If I told Sony Pictures marketing president Marc Weinstock that social media didn’t provide any ROI, he’d laugh in my face.
That’s because Sony Pictures just took the #1 spot on Ad Age’s Entertainment A-List, an annual ranking of the top entertainment brands, after netting the studio’s first $2 billion year.
While other studios tried to ride sequels and remakes, Sony rode new and untested properties like District 9 ($210 million), Paul Blart: Mall Cop ($183 million), Zombieland ($102 million), Julie & Julia ($129 millon), and Cloudy With a Chance of Meatballs ($235 million) to box office dominance.
What’s most startling about the numbers is that most of the big money makers for Sony barely featured any “A-list” stars. Rather than rely on big names, Sony actively used social media to help spread the word about their releases.
District 9′s extensive viral campaign led back to an online experience that was shared by consumers through social media and created early buzz for a “weird” sci-fi movie with a no-name cast and no-name director.
Zombieland had a “Zombify Yourself” website, Twitter account, and a “Rules for Surviving Zombieland” video series that earned nearly 2 million views on YouTube.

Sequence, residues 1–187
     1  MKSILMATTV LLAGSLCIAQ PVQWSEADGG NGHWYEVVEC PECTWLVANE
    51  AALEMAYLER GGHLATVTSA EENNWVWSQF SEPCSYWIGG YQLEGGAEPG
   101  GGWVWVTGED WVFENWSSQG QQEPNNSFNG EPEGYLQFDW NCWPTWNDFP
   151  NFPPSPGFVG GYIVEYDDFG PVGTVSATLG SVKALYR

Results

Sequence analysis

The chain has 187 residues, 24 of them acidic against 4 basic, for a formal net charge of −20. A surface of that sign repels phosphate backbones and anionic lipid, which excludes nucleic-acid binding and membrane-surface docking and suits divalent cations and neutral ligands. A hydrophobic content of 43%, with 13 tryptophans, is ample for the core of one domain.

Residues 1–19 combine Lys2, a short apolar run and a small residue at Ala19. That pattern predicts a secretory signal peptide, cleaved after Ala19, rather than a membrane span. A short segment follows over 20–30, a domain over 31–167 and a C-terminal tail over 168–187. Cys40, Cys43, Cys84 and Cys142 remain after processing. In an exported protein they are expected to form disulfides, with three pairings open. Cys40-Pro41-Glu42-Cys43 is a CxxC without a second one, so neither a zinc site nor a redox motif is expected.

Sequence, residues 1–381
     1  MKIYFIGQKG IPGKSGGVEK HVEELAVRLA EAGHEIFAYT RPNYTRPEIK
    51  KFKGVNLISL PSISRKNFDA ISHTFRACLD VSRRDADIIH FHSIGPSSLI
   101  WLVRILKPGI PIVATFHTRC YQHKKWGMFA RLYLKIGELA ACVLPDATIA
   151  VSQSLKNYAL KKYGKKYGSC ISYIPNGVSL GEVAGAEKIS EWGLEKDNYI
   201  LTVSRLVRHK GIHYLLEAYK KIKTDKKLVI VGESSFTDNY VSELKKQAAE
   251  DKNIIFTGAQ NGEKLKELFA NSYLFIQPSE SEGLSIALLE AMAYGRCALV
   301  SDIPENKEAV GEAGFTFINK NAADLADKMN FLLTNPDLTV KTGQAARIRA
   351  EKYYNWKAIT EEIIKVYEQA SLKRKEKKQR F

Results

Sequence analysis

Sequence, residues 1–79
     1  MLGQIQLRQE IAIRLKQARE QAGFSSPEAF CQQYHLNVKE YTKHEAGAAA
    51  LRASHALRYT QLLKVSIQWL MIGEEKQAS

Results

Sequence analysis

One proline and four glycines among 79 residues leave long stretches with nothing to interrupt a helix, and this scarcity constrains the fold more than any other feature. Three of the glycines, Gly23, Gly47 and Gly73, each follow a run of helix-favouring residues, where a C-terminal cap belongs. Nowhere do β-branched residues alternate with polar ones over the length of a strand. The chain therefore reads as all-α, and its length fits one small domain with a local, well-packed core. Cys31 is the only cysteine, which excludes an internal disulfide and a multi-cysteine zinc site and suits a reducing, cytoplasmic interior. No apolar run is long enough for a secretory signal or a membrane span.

And Sony is convinced that social media had a huge hand in creating its success.
Having a buzzworthy film has also proven to work more in Sony’s favor than most, due to an early presence on Twitter (Sony has more followers than any other movie studio) and an adaptive marketing strategy that keeps conversation around its films active even after the opening weekend.
‘The judgment day comes a lot sooner now. You used to get to opening day or the second day to see whether the audience really liked the movir or not. But when you hype one thing and deliver another, [negative social media chatter] is the immediate penalty these days.’ [Sony Pictures Chairman of Worldwide Marketing] Jeff Blake said.
Universal Studio knows too well about that after they saw box office sales plummet for Bruno following its opening weekend because of how quickly word spread through Twitter from consumers telling friends “not to bother.”
Meanwhile, other studios like Paramount have used social media to push obscure homemade movies like Paranormal Activity to $193 million worldwide. NOTE: There’s an extensive case study about that film that I worked on in the upcoming book microMARKETING by Greg Verdino.
Social media’s impact on sales is getting harder and harder to deny these days, and those of us who continue to study how the medium works are going to be instrumental in creating the marketing campaigns that are necessary in this networked world.